I enrolled her at Tilden in Walnut Creek for 6th grade and it was a total life-changing course correction for her and for all of us.  The one-on-one tutoring in a relaxed environment helped her see that the ADHD/dyslexia made her a slow reader, which was very different than a non-reader, and by the end of the first year she was back to reading (slowly) at grade level.  She could now discuss Harry Potter with her friends, which was a huge boost of self confidence.  The study halls there enforced homework, so we as a family got our evenings back - all the homework was done at Tilden, so evenings were now pleasant family time instead of screaming procrastination-fests and battles of willpower.  Tilden solved problems I didn't even know I had - she wasn't coming home from school with stomachaches anymore, so I didn't lose so much work time, and she was sleeping better at night, so we were all better rested.  She also quit picking at herself and scratching from stress.

    She loved, loved, loved each one of her Tilden teachers and developed great relationships with them.  This teacher owns a snake; that teacher does Cal Shakes; the other one 'allowed' her to read 9th grade literature when she was an 8th grader because she really wanted to read it.  Tilden also taught her how to self-advocate, and ask for what she needed to learn best.

    The Tilden teachers were all quite qualified to work with my kid.  I'm one of those hopelessly overeducated parents (engineering PhD from Berkeley) and I never had any reason to question a Tilden teacher's qualification.

    As a parent, I really enjoyed the electronic reporting system - each day I got a little three-sentence writeup of how each day's classes had gone.  If she had two classes and a study hall, I'd get a writeup from each class and a writeup from the study hall.  It also really lessened the burden on me, because I knew I'd get a phone call or an email from a teacher if something really was up.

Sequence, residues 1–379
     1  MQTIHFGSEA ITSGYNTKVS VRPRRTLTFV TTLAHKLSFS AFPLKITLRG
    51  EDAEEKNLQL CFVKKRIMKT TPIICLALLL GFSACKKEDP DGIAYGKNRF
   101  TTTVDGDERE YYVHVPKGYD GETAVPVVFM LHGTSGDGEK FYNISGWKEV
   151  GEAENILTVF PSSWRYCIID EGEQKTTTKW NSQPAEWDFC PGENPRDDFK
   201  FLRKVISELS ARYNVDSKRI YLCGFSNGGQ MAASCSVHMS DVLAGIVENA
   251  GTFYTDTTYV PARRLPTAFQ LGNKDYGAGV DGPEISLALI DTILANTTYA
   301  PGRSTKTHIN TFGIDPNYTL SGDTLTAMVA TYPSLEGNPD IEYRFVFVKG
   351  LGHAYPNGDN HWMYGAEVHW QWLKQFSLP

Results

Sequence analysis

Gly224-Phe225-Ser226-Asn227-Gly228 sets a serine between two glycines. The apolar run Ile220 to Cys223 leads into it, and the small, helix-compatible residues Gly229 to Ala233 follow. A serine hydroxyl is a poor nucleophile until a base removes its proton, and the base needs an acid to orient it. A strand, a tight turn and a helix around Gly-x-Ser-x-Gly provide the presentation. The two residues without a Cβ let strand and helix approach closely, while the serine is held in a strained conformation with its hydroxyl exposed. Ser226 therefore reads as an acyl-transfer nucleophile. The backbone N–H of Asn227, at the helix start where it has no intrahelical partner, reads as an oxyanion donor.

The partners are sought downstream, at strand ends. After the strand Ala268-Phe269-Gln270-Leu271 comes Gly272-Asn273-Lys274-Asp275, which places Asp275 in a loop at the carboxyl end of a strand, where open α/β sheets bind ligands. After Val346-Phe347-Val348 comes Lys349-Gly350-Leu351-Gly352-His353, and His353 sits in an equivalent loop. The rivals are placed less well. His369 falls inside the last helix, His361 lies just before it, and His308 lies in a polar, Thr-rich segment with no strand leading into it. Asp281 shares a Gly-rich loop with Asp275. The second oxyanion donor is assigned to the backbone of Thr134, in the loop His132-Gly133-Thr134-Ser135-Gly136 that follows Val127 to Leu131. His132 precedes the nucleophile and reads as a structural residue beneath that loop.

Three years later, my kid is headed for public 9th grade, confident about her skills as a student.  She's still a little worried about her English classes, but over the summer (unknown to me) emailed all 3 of the English teachers, asked for the reading list ahead of time so she could get a jump on the year's reading.  This confidence and self-advocacy is directly from Tilden. 

    Feel free to contact me directly if you have any other questions.  Tilden rocks!

    -- Carrie Beam, Walnut Creek

Parent Reviews

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I'm not sure how useful this will be, because we only enrolled our daughter, who is very bright but has ADHD, part time at Tilden (math and English), while she was fully enrolled at her regular, independent school. She was unable to learn on Zoom, and so we figured that--as a 6th-grader-- she would eventually catch up on other subjects, we were very concerned about her falling behind on these key skills. Tilden was a game-changer, and we continued using their services on a tutoring capacity once in-person learning resumed. The teachers there are just wonderful, understanding how to connect with their students and inspire them to learn. Our daughter never ever balked at going to Tilden (2x/week) even after long days at school, and the support and guidance (not to mention confidence) that she acquired over these two years have reverberated through many aspects of her life. I would particularly recommend Ben Graber, but my sense is that most of the teachers are excellent. We did not consider Fusion, largely because of the cost, and because of a somewhat corporate feel to the school. That said, Fusion does have better digs, and as a result seems able to offer more opportunities for kids to develop friendships and a sense of community.

Our child is highly gifted and suffers from moderate to severe mental health issues that impact their ability to maintain a 'normal' school schedule. We have been very impressed with Tilden Prep's understanding, flexibility, and collaboration with us as we've tried various schedules and teachers to accommodate our child's needs. They have remained very open and compassionate and have never used punitive or shaming approaches that we've experienced at other schools. The 1:1 set up at Tilden means that when our child is ready and present to learn, they are able to go as deep or as fast with the material as desired. They're just very accepting and able to meet our child where they are. Good luck to you! I hope you find the right place for your child.